Audience: Attitude.

Ann: —“attitude of your minds and to put on the new self, created to be like God in true righteousness and holiness.”  It starts where?  Here—I’m telling you—this is where I feel like the enemy of our souls, Satan, gets us, first of all—in our attitude.

Do you ever find yourself griping in your head and complaining?  I will never forget—I was so mad at Dave. He had been gone so much—I felt like he wasn’t helping. I felt like he wasn’t listening to me, and I remember folding the laundry. I remember folding, and the whole time, I’m building like this whole scenario of like: “He doesn’t do anything! He’s lazy, and he doesn’t notice me!”  I mean, I’m folding and folding. I felt like God said to me:

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“What would happen if you prayed as much as you complained in your head?” 

Audience: Oh! 

Ann: Yes! Talk about conviction. It made me realize how our thoughts—isn’t this true?— because the Bible says that “As a man thinks, so is he.”  As we think about our husbands, it turns into action; but it starts right here in our minds.

I think that we don’t realize and we forget the influence and the power that we have, as women. We have so much power to make him great, and we have the power to crush him in an instant. It’s a heady responsibility that we have, and God has given it to us and entrusted it to us. He has chosen you / He has chosen me to help make my husband the man that He wants. I don’t know if I can do it sometimes, and I know I can’t apart from His Spirit.

What does an attitude look like?—an attitude of unconditional respect?

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It says that God commands the wives to respect our husbands without conditions / without him earning it. He is God’s gift to us and comes with a blessing—it is an attitude of honor.

Our culture treats men like they are stupid; and we, as women, can treat men like they are stupid. When we treat them as if they are stupid, they will act like they are stupid. Honestly, I think that—this is so embarrassing—I think—sometimes, I feel like, “I’m just smarter than Dave,” you know?  We’re better communicators—and I think we get prideful, as women. We treat our husbands like they are not as great as they really are.

I read this quote by Stu Weber—that: “A woman can so easily crush a man’s spirit with a word, with a look, with a shrug of indifference. Her cynicism is utterly emasculating; and many times, incredibly subtle. Like a fine, thin blade, it slices deep, penetrating to the very core of his masculine soul.”  Ahh!  Those are hard words to hear.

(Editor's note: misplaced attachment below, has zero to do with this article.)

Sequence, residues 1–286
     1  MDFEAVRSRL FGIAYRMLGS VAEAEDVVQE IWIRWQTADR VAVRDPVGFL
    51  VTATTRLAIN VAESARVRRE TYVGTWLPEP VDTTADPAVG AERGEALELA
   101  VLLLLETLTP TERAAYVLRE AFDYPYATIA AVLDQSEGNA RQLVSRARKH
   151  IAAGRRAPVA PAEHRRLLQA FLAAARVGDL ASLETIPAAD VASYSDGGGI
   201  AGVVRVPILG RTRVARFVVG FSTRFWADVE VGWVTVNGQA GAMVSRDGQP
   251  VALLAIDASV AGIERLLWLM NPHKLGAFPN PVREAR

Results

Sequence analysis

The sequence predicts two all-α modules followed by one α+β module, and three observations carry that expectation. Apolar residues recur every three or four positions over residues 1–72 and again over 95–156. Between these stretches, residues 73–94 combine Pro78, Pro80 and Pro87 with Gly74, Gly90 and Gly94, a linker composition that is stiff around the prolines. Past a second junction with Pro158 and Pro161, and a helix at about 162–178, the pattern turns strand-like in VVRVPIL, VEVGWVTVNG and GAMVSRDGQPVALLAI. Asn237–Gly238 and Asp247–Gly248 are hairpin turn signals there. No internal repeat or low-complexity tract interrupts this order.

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Also, Dave and I—this is just a terrible illustration. Dave was on the phone. He had made a hotel reservation for some friends coming in. I was in the other room—I could hear him talking on the phone. I could tell that they lost the reservation / that they didn’t take the reservation. Dave was being really nice—he’s like, “Okay, well, do you think that there is another room we could get?”  I am instantly—this is terrible—I’m instantly like: “Oh, my gosh!  I can handle this,”—like: “I will get this done.”  You guys—any of you like that? [Laughter]

So, I walk in there; and I’m like: “Dave—give me the phone!  Just give me the phone!”—this is the attitude; you know?—like: “I can do these things. I’m better than you. I’m better than you.”  So, he gets so mad. He takes the phone—he throws it on the ground, and he walks out of the room. He doesn’t usually do that, and I will tell you—here are the first signs that you know that you’ve disrespected your man—one of two things—

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—anger or they storm off.

I should have known instantly. I didn’t know any of this stuff back then, but I should have known instantly—I so disrespected him. The next thing, he walked out of the room. Here is what he says, “Why don’t you just cut it off, Ann?”  That’s embarrassing to me that I would be so prideful, thinking that I’m so—“I can get that done,”—that I would emasculate him like that: “Who cares?  It’s a hotel room, Ann!” 

I have the power to make him great, and I have the power to crush him. I’m embarrassed to tell you that story. I apologized to him later because it was so flagrant that I could see it so clearly. That’s what I mean by I learn the hard way sometimes. So, how are you doing?  I want you to grade yourself on a 1-5—5 being great / 1being not so great.

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How are you doing with your attitude in respecting your husband?  Just kind of mentally think, “Where am I?” 

[Studio] 

Bob: Well, we’ve been listening to the first part today of a message from Ann Wilson—a message she shared with women onboard the Love Like You Mean It marriage cruise, back in February. You could hear how quiet it was in the room; couldn’t you?